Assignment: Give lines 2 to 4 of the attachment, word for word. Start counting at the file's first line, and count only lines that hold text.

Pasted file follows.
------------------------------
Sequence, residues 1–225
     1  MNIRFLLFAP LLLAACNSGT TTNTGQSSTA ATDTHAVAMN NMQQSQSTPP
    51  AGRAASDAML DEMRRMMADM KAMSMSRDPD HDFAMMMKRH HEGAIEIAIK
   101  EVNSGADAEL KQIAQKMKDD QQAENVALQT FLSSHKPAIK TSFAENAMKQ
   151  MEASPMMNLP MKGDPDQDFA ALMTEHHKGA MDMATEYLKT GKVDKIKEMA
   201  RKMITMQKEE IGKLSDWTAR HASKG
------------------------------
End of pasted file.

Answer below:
     1  MNIRFLLFAP LLLAACNSGT TTNTGQSSTA ATDTHAVAMN NMQQSQSTPP
    51  AGRAASDAML DEMRRMMADM KAMSMSRDPD HDFAMMMKRH HEGAIEIAIK
   101  EVNSGADAEL KQIAQKMKDD QQAENVALQT FLSSHKPAIK TSFAENAMKQ